A peer-reviewed journal that offers evidence-based clinical information and continuing education for dentists.

Clinical Insights: Preventing Pain in Practice: Tips For A Healthier Work Life

By encouraging an ideal working posture, LumaDent’s ErgoPrism loupes help eliminate the musculoskeletal stress of daily practice.


Due to the nature of their work, dental professionals are at high risk of experiencing musculoskeletal pain and discomfort. From hunching over pa­tients for hours to holding awkward positions, the physical demands of dentistry can take a toll.1 However, with the right approach and tools, it’s possible to prevent pain and promote a healthier work life.

As a practitioner, I experienced multiple areas of work-related pain, and these injuries led me to explore clinical solutions — including therapeutic yoga and proper ergonomics — to reduce pain and the risk of disability and early retirement. I now serve as an ergonomic assessment specialist, and my passion is to help dental professionals find an individualized approach to pain prevention and management.


Stretching and strengthening exercises are essential for any clinician who wishes to prevent musculoskeletal disorders. Regular stretching can help reduce tension in muscles, increase blood flow, and improve flexibility.2 While many exercises can be done chairside, oral health professionals should consider incorporating yoga or pilates into their routine outside of work.

Strengthening exercises can improve stability and posture, which are both key to proper ergonomics. Finding a balanced approach to these exercises can help prevent, reduce, and alleviate the risk of injury and pain.

FIGURE 1. LumaDent’s ErgoPrism loupes allow clinicians to work in a neutral, upright position that greatly reduces the stress and strain of daily practice.


Adopting an ergonomic approach is essential to promoting health and well-being.3 Proper posture, a key element of ergonomics, involves maintaining correct alignment during the delivery of care.4 A neutral position involves keeping the head, neck and back in proper alignment, with the shoulders relaxed and arms at the sides. The feet should be flat on the ground, and the hips should be higher than the knees. In addition, practitioners should ensure the operatory is set up to reduce unnecessary movements and awkward positions. Similarly, patients should be positioned in a manner that allows ergonomic care. Collectively, these steps will improve clinical efficiency and productivity, while also supporting physical well-being.


Choosing ergonomic tools can further reduce the physical strain of dentistry. For example, saddle stools are designed to improve posture and reduce back pain, as a well-fitted saddle stool promotes a forward tilt of the pelvis, which keeps the spine in a neutral position.5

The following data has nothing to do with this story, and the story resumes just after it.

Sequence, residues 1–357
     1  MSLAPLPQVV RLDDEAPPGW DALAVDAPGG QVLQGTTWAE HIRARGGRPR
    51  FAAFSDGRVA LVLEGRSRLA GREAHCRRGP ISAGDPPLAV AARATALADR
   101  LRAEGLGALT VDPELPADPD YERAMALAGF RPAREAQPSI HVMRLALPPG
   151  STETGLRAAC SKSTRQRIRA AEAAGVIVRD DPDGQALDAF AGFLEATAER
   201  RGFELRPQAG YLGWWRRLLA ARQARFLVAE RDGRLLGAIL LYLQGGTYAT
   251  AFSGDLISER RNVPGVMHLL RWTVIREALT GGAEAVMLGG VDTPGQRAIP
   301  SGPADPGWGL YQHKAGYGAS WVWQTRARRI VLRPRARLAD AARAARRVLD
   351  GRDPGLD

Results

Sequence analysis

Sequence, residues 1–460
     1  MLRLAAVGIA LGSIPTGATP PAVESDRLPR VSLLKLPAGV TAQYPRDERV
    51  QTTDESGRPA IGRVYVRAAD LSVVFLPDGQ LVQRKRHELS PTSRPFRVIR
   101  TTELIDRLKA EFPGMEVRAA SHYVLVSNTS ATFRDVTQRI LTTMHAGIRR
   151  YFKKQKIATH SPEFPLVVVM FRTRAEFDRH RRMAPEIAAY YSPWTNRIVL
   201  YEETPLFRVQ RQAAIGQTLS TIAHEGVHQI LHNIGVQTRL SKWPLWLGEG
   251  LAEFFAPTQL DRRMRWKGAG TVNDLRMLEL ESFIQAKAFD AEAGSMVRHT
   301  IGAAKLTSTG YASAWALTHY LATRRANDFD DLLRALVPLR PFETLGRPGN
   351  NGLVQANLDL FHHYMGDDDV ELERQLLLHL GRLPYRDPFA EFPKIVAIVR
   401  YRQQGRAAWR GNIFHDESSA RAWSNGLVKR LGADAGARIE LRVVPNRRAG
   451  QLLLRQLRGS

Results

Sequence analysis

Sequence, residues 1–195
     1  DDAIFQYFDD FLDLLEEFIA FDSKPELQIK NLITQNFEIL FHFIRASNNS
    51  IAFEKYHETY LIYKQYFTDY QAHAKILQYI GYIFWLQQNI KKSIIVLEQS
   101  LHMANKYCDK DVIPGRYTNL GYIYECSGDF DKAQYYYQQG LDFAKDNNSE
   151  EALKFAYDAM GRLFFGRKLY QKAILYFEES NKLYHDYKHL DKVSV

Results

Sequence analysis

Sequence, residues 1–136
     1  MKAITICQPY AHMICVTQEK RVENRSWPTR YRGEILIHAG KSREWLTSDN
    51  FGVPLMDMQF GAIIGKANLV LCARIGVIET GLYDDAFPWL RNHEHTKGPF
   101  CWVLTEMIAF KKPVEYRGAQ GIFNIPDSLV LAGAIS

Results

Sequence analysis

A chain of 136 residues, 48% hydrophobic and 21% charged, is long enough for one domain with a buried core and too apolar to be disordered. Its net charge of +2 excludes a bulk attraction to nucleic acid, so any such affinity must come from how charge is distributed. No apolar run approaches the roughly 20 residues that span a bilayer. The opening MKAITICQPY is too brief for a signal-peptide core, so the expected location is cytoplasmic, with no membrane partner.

Ergonomic loupes also support a neutral, upright position during care.6 Unlike traditional loupes that require practitioners to look down and tilt the head and body forward, LumaDent’s ErgoPrism loupes allow providers to maintain a neutral posture, which significantly reduces the load on the muscles and joints in the back and neck (Figure 1). Another benefit is that a neutral posture positively affects breathing and circulation, which are crucial for pain prevention and stress management alike.

ErgoPrism loupes represent a lightweight and truly ergonomic solution that’s designed to facilitate a long and healthy career. LumaDent offers multiple magnification levels, as well as an innovative headlight that rotates in all directions to illuminate hard-to-access areas with less strain on the body.

Preventing pain and discomfort in dentistry requires a combination of stretching, strengthening, and the use of ergonomic tools, such as magnification. By taking steps to prevent pain and discomfort, dentists can work comfortably and efficiently while providing the best possible care for their patients.






  1. Kumar M, Pai KM, Vineetha R. Occupation-related musculoskeletal disorders among dental professionals. Med Pharm Rep. 2020;93:405–409.
  2. Seguin-Fowler R, Graham M, Ward J, Eldridge G, Sriram U, Fine D. Feasibility of a yoga intervention to decrease pain in older women: a randomized controlled pilot study. BMC Geriatr. 2020;20:400.
  3. U.S. Occupational Safety and Health Administration. Ergonomics. Available at: https://www.osha.gov/ergonomics. Accessed March 30, 2023.
  4. Cramer H, Mehling WE, Saha FJ, Dobos G, Lauche R. Postural awareness and its relation to pain: validation of an innovative instrument measuring awareness of body posture in patients with chronic pain. BMC Musculoskelet Disord. 2018;19:109.
  5. Gouvêa GR, Vieira WA, Paranhos LR, Bernardino ÍM, Bulgareli JV, Pereira AC. Assessment of the ergonomic risk from saddle and conventional seats in dentistry: a systematic review and meta-analysis. PLoS One. 2018;13:e0208900.
  6. Plessas A, Bernardes Delgado M. The role of ergonomic saddle seats and magnification loupes in the prevention of musculoskeletal disorders. A systematic review. Int J Dent Hyg. 2018;16:430–440.

 From Decisions in Dentistry. May 2023;9(5):22.

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